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Bible, O.T. Job. English.
THE BOOK OF JOB,
NOTES CHIEFLY EXPLANATORY.
BY GEORGE R. NOYES.
PUBLISHED BY HILLIARD AND BROWN.
THE poem, which it is the design of this volume to illustrate, is, in many respects, the most remarkable production of any age or country. Though its antiquity is at least equal to that of the most ancient monuments of Grécian genius, it has for its subject, not the sanguinary exploits of half-civilized heroes, and the fierce contentions of rival deities, but the providence of the one true God, and the duty of man. Its language is the natural effusion of a soul, full of the sublimest conceptions of the Author of nature, and his glorious works, and of true sympathy with all that is great, and amiable, and affecting in the character and condition of man. The imagination of the author seems to have ranged freely through every part of the universe, and to have enriched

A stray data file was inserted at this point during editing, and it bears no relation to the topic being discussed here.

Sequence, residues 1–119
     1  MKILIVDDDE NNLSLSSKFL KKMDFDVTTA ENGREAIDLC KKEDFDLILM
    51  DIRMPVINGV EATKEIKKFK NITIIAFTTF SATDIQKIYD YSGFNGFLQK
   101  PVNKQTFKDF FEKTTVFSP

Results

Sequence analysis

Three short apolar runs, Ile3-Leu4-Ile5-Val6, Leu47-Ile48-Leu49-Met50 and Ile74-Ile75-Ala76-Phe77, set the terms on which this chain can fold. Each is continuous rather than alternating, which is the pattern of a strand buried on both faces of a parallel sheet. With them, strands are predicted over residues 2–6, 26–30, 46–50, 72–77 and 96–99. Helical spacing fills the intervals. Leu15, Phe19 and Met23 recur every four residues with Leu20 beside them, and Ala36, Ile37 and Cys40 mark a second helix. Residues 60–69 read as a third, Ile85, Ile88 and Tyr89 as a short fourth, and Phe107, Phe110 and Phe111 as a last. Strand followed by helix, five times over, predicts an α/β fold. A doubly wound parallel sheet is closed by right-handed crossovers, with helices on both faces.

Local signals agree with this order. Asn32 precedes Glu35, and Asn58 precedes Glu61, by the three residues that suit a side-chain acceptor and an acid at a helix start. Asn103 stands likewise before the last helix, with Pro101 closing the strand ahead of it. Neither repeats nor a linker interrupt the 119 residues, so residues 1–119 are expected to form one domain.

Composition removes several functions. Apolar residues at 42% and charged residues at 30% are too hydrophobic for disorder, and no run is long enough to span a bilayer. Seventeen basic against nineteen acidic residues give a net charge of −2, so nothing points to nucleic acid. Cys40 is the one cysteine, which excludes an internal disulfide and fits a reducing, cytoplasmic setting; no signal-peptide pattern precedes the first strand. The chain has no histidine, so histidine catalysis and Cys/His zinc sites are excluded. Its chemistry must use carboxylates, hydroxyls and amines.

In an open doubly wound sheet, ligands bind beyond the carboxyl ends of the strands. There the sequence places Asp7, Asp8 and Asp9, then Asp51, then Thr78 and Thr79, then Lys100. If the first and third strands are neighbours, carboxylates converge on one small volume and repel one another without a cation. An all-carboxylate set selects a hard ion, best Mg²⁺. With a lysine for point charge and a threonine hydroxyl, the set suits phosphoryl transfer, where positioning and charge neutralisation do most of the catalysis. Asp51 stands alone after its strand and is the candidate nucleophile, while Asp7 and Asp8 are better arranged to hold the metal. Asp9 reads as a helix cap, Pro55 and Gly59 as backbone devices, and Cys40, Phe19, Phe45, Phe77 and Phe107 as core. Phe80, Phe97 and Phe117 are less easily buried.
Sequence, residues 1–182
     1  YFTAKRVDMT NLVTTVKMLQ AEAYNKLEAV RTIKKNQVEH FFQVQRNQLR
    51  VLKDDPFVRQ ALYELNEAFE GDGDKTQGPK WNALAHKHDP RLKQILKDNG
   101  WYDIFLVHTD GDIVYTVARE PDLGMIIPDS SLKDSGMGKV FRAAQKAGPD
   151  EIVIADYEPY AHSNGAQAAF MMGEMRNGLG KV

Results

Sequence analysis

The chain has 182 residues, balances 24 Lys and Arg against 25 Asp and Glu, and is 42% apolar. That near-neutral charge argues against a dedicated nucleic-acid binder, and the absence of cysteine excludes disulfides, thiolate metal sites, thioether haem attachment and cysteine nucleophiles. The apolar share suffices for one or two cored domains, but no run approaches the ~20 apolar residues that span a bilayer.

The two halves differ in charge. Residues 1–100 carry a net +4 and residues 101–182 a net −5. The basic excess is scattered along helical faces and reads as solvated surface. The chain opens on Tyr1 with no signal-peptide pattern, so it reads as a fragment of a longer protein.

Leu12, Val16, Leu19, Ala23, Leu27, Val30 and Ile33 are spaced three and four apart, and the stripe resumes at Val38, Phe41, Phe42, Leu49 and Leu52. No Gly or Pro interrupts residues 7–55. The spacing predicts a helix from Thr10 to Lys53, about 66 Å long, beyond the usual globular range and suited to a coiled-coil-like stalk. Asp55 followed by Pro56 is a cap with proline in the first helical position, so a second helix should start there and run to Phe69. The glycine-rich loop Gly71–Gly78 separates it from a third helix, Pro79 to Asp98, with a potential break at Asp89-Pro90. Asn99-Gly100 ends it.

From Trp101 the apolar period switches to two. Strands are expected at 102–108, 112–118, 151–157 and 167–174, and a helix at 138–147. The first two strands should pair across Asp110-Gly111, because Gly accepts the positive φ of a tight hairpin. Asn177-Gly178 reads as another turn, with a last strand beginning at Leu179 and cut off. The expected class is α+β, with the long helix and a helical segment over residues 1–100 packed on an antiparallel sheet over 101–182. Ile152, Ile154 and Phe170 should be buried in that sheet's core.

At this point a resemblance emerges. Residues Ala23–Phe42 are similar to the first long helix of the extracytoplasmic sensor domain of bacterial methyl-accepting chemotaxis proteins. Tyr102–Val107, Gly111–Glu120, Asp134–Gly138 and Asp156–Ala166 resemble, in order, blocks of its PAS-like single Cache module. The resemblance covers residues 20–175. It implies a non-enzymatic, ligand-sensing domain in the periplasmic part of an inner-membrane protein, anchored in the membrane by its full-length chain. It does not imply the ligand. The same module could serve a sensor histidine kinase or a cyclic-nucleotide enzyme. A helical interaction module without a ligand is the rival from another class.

INTRODUCTION—page v, line 8, for “ Ch. i. 7.” read Ch. i. ii.
-page vii, line 5 from the bottom, for "of an Arabian into the mouth of a Jew," read of a Jew into the mouth of an Arabian.
familiar with his subject, and seems town us
What is most remarkable in a poem of so high
It has been a much debated question, whether the Book o should be considered as an epic, or a dramatic composition. Bu it contains no action, no variety of characters, and no scenes, but
ure and air and